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December 17, 2017

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Life of Lauretta Hepworth Astle
Written by her daughter, Arstanie Astle Nye

Lauretta Hepworth, daughter of Edmund Hepworth and Hannah Cowling was born September 26, 1874, at Oxford, Idaho. Her parents were of English birth, converts to the Church of Jesus Christ of Latter-day Saints. They immigrated to America in 1863 to be near the main body of the Church and to be able to have an active part in the Church, as well as, to teach their children to live good, clean upright lives.

The Hepworth family lived in Salt Lake City their first winter in the United States. Early in the spring of 1864, they moved to a frontier settlement to the north of Smithfield, Utah and then on into Oxford, Idaho. In Oxford they took up a few acres of land, built a home with logs brought down from the canyons. It was a one room house with a dirt roof and floor, one door and a small window, but it was theirs and a humble home to them.

Edmund and Hannah Hepworth Family
Edmund and Hannah Hepworth Family

Back Row: William Henry, Lauretta, George William,
Hannah Eliza, John Edmund
Front Row: David Edgar, Edmund,
Hannah Schofield Cowling, Joseph Edmund

They buried their first child, a girl, while living in Smithfield. She was born to them while crossing the Atlantic Ocean. While yet in Smithfield, a little son was born to them, he was named Joseph Edmund.

Lauretta was the fifth child born to them while living in Oxford. She learned to help with the work while yet a very young girl.

They lived in Oxford twelve years, worked hard, raised good crops and had a very happy, enjoyable time.

The people in Oxford were becoming a mixed group of Mormons and Gentiles, so the Hepworth's and others, decided to move to Springdale in Utah's Dixie. On May 5, 1877, a six mule team was hitched to the wagon loaded with what furniture they had (bedding, boxes of clothing and vegetables raised in their garden and other things). They set out for Springdale. It was a beautiful morning, birds singing and all were happy. They went by way of Ogden and Salt Lake, camping near the Jordan River. Lauretta being just three years old commenced asking, "When are we going to get to our new home?" (Springdale is situated on the north fork of the Rio Virgin River, about two miles from the south entrance to Zion National Park.) The boys helped their father clear the land for planting. Sugar cane, wheat and vegetables were planted, there was much work to be done.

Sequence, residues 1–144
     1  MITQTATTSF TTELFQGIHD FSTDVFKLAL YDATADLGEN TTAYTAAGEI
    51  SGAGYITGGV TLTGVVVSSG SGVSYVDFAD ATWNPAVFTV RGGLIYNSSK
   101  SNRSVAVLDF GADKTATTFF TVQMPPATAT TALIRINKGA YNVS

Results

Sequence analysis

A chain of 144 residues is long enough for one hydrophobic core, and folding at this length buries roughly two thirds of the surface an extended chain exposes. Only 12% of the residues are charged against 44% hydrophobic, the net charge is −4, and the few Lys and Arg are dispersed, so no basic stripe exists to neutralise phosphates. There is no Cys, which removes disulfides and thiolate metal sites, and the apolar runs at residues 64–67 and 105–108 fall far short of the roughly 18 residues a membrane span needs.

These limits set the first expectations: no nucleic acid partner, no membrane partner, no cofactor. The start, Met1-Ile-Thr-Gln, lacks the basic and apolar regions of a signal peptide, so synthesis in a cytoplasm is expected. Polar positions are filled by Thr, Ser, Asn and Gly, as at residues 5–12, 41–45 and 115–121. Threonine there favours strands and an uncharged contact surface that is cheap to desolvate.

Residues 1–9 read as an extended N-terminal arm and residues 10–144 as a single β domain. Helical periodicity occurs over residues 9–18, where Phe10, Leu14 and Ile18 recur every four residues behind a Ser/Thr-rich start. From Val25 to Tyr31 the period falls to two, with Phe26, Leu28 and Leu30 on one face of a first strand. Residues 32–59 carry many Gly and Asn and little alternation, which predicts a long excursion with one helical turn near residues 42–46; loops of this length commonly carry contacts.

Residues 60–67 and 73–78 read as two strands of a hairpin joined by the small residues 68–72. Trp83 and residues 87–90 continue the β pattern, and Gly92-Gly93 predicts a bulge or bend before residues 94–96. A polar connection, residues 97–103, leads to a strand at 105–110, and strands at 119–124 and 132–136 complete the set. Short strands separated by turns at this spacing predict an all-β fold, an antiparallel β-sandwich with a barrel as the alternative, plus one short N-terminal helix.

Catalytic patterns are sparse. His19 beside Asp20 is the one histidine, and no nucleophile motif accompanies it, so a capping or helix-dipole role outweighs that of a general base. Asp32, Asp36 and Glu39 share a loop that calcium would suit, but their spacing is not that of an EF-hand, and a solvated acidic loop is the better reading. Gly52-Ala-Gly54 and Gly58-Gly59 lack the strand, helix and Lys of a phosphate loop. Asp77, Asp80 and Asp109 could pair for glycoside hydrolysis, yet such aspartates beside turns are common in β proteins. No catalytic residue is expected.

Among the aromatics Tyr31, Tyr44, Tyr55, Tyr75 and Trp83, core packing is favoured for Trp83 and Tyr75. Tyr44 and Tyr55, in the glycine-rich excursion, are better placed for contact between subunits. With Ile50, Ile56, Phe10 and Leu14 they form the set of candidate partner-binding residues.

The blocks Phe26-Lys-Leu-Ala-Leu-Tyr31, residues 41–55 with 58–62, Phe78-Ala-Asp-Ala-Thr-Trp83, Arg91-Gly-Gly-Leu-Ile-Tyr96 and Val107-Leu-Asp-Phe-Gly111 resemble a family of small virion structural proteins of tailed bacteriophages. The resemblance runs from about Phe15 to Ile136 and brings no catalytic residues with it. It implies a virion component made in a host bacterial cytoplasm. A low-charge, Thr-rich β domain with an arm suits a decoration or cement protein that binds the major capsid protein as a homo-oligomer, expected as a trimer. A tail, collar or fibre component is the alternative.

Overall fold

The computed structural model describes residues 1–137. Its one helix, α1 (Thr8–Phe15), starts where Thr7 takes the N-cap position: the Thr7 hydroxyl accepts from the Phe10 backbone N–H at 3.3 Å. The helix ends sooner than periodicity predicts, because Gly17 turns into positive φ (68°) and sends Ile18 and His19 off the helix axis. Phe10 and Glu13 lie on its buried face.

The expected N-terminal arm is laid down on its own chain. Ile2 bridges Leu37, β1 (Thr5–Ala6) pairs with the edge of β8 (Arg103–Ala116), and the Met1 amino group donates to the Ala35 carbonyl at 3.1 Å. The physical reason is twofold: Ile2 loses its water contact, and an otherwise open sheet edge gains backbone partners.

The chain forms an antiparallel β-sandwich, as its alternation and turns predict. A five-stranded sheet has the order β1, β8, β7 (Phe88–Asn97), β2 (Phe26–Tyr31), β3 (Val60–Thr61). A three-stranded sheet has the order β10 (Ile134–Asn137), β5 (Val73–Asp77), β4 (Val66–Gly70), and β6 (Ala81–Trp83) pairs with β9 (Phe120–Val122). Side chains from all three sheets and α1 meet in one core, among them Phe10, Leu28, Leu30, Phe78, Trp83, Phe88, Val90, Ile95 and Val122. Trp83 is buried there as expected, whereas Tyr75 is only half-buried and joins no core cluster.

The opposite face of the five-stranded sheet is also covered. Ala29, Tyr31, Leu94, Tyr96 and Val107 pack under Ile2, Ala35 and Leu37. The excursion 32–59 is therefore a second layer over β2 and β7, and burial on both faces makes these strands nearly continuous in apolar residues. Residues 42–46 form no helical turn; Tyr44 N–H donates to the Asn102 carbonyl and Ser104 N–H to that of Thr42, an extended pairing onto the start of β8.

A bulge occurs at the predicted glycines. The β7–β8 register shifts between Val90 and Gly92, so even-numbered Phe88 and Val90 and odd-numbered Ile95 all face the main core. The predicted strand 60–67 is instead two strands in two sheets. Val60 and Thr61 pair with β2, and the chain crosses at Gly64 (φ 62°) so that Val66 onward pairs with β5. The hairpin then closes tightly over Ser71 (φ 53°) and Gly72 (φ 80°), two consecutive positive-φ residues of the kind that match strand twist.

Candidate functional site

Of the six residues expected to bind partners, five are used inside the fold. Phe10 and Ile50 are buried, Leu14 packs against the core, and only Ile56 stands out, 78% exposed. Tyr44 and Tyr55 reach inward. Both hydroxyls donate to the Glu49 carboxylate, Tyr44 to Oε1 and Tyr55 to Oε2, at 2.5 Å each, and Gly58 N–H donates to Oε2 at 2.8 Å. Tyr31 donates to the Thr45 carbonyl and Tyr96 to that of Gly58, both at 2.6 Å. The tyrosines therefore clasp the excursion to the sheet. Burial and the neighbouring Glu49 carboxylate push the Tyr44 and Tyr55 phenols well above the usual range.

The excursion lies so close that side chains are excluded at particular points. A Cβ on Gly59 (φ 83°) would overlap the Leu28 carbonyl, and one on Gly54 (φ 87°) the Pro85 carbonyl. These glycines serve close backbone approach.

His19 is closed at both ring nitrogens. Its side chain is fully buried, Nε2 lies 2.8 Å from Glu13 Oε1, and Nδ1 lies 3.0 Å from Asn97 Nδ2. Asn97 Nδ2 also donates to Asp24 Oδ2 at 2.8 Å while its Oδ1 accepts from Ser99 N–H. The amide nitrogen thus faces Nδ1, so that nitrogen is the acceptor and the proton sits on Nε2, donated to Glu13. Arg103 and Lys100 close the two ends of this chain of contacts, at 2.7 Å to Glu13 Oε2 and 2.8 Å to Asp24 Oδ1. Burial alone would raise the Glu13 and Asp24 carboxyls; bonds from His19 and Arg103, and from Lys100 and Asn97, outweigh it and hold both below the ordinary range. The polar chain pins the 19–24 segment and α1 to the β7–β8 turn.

Logs were cut and hauled to build houses, as well as, fences and other buildings. Their house was build of rock with a board shanty on one side. Snakes and bugs would often crawl into the house which proved, by most uncertain terms, to be very unpleasant.

The family became ill with chills and fever so they had to move to a higher climate. In April 1880, they moved to American Fork where they worked a sixty acre farm owned by Peter Cowling, a brother of Lauretta's mother, Hannah. They only lived there a short time then moved to Bountiful, Utah.

Lauretta's father took another wife while living in American Fork. Plural marriage was sanctioned by the Mormon Church, but not by the laws of the land. U. S. Marshals were always on the watch for the men with more than one wife. This was the main reason they moved to Bountiful, to try and escape the persecutions. President John Taylor advised the brethren to evade the laws and find a place for refuge.

In the spring of 1887, only one family had moved into Star Valley, Wyoming. This valley had been dedicated as a gathering place for the Saints.

The roads were extremely rough through the mountains. There were no dugways or grades so they traveled in the canyon bottoms. There were a few other families living in the Valley when the Hepworth's arrived. The cabin they chose to live in had been used as a shelter for horses, so of course it needed much cleaning and fixing.

In the fall of 1889, the other Hepworth family moved into the Valley. They lived in a log cabin with a dirt roof. The house was running north and south. The north room had a door and window in the west side, the south room had a window in the south end. Each window had six panes of glass 10 x 12 inches. The old ranch was a beautiful, quiet place with much timber growing and clear spring water, bubbling and trickling down the lower slopes.

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